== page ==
Daraa residents convert savings to dollars and gold

A stack of Syrian currency (Enab Baladi/Halim Muhammad)

A stack of Syrian currency (Enab Baladi/Halim Muhammad)


Daraa – Halim Muhammad

Ahmed, 38, monitors the exchange rate bulletins of the Syrian pound against the US dollar. Once the pound started to decline, he rushed and converted his savings of 6 million Syrian pounds to 1567 US dollars.

Following the pound depreciation (3900 SYP for 1 USD on 9 March), the residents of Houran Plain in the southern Daraa region are seeking to convert their currency into dollars for fear of losing its value, while others resorted to buying gold.

The depreciation of the Syrian pound was accompanied by the Russian war on Ukraine and the difficulties experienced by the Syrian economy. Meanwhile, the regime’s government issues decisions that make these difficulties even worse, including the subsidies termination for more than 500,000 Syrian families, in times when the prices of basic materials almost repeatedly rise.

Saving protects money

Ahmed, whose full name has not been disclosed by Enab Baladi for security reasons, said that it was the first time that he has converted Syrian currency into dollars, despite previous collapses during the past years. But this drop is frightening because it is related to Russia’s war on Ukraine.

Jihan, 28, who declined to give her full name for security reasons, reckoned that converting the money in her possession into gold was a more suitable way to deal with the gravity of the fluctuating exchange rates.

“I bought gold bracelets for 3 million SYP that I had”, she told Enab Baladi while asserting that she thinks that “gold is more stable than currency conversion, and it is not subject to speculation.”

On the other hand, the 55-year-old Abu Mohammed (a pseudonym for security reasons) believes that the answer lies in investing this money by purchasing real estate in order to make more money. In his opinion, all options are good except to keep the Syrian pound, which is likely to collapse.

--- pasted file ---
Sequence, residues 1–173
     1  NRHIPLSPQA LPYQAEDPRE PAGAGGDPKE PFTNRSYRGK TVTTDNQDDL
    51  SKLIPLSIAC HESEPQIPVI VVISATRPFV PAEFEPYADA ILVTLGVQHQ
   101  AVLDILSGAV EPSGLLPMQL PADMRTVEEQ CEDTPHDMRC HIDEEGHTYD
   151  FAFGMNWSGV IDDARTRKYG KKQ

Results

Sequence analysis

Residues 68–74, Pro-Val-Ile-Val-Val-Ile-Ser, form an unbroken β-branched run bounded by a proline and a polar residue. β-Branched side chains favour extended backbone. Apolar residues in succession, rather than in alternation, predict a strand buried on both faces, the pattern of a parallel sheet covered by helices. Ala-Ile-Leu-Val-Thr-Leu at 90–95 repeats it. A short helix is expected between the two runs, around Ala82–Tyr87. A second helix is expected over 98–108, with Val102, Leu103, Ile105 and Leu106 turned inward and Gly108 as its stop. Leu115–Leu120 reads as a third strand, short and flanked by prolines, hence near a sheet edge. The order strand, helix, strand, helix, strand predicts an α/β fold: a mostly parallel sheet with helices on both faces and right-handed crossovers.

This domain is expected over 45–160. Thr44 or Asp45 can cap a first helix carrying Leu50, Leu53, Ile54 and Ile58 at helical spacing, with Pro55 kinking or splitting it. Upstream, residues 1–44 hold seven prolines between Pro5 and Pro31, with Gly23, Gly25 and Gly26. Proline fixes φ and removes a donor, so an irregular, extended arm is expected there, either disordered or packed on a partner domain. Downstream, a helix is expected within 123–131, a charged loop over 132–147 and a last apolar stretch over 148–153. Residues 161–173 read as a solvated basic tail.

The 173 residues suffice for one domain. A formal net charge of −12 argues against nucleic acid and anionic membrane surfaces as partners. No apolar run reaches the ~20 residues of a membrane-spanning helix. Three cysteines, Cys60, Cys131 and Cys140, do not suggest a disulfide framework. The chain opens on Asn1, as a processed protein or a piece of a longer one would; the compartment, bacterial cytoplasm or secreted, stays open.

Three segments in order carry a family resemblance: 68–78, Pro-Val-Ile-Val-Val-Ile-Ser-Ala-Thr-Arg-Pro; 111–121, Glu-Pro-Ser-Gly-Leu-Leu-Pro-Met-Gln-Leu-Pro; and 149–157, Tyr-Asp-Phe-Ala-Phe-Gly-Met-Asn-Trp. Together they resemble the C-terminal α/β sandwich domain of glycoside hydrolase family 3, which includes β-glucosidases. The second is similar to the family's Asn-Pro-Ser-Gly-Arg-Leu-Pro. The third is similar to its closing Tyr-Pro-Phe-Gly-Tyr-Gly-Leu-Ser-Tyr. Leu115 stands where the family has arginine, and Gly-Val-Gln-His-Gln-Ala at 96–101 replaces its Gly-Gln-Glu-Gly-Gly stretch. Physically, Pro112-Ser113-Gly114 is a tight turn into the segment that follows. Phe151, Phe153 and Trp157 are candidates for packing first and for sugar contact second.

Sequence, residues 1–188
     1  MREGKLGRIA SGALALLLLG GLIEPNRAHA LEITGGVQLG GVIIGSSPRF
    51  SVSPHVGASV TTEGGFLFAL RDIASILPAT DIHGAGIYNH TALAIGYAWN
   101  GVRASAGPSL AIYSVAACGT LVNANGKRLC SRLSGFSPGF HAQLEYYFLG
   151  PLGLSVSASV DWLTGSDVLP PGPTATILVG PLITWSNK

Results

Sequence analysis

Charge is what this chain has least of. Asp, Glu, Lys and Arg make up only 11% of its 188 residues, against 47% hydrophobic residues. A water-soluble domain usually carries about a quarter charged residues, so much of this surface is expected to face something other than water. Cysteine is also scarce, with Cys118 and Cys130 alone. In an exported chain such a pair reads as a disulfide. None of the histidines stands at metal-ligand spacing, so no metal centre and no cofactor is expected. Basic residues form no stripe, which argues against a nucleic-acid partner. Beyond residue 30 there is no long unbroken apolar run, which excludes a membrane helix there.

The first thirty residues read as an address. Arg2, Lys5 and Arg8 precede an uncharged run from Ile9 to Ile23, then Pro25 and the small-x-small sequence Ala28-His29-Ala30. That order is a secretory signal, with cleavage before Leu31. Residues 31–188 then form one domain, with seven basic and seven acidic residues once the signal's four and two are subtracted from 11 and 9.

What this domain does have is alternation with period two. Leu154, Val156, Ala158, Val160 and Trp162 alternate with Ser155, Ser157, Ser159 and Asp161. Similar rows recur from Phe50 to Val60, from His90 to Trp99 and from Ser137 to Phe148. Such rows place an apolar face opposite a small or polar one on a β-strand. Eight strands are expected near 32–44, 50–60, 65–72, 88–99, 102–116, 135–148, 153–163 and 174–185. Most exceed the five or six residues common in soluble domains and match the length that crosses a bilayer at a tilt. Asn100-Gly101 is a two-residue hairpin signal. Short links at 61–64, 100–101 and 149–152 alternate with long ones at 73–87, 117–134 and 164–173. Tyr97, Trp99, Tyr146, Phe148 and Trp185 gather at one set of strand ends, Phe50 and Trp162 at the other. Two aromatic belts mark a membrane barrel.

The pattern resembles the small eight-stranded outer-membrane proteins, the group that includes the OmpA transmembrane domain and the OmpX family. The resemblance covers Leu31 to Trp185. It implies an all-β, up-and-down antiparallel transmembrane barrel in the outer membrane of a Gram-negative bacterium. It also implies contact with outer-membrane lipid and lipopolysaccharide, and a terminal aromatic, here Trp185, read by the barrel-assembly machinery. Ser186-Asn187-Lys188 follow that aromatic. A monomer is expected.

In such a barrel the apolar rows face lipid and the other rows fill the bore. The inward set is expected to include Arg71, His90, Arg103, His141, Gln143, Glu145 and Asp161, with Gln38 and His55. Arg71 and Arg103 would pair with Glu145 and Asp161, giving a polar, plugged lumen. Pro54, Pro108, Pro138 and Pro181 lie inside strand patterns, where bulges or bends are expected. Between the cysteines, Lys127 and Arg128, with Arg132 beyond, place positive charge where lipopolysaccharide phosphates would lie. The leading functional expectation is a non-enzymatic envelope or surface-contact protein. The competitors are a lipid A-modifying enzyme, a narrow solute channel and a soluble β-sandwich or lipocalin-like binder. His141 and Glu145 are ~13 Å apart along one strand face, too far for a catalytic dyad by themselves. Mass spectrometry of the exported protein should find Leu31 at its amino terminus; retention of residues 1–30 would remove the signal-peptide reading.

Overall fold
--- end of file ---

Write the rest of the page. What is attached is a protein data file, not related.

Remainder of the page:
Enab Baladi interviewed a money-changer (who asked not to be named), and he stated that there is heavy popular demand on the dollar while the exchange rate is fluctuating. However, demand on the dollar currently prevails.

Food prices rose in conjunction with the start of the collapse of the Syrian pound last week; the cost of 1 kilogram of sugar went from 2,500 SYP (about 56 US cents) to 2,700 SYP (70 US cents).

The price of 1 kilogram of long-grain rice jumped from 6,000 SYP (1.56 USD) to 7,500 SYP (1.95 USD), while 1 kilogram of tea went from 25,000 SYP (6.52 USD) to 29,000 SYP (7.57 USD). 1 liter of cooking oil used to cost 7,500 SYP (1.59 USD), it now costs 13,000 SYP (3.3 USD).

Impact of Russia-Ukraine war on Syrian economy

Once the Russian war on Ukraine began on 24 February, the Syrian economy was once again hit by a decline in the value of the pound and a remarkable rise in prices. Russia, the regime’s savior from the sanctions imposed upon it, is currently preoccupied with a war that is not expected to end.

The Minister of Finance of the opposition’s Syrian Interim Government (SIG), Abdulhakim al-Masri, told Enab Baladi that the Syrian pound had begun to gradually decline the way that “ants crawl” so that the population would not sense the dangers of this decline.

Al-Masri believes that it is natural for some residents to convert their money into gold. With the start of the fighting in Ukraine, the price of one gram of gold increased by an additional 4 dollars.

On the reason behind the population’s fear of currency collapse, al-Masri explained that the weakness of the Syrian economy is caused by the lack of domestic product, which is currently limited to services and employee salaries.

The regime had lost the returns of basic sectors such as oil, which used to contribute to 24 percent of the gross domestic product (GDP). This has moved the regime from a status of an oil exporter to one where it is an importer. In addition, industry, agriculture, as well as tourism are currently losing sectors.

The regime’s budget deficit for the current year amounted to 4.5 trillion Syrian pounds, 2 trillion Syrian pounds more than what was recorded in 2021, al-Masri added.

He also predicted an inconceivable price hike, which is a consequence of the rise in oil and gas prices and international transport costs. The regime was circumventing economic sanctions by transferring currencies through Russia, which is now also being sanctioned by countries around the world.

Al-Masri linked the Russian war on Ukraine to the weakness of the Syrian economy, considering that Russia was supporting the Syrian regime through remittances, wheat, and certain food products, all of which will now cease in light of the ongoing war.


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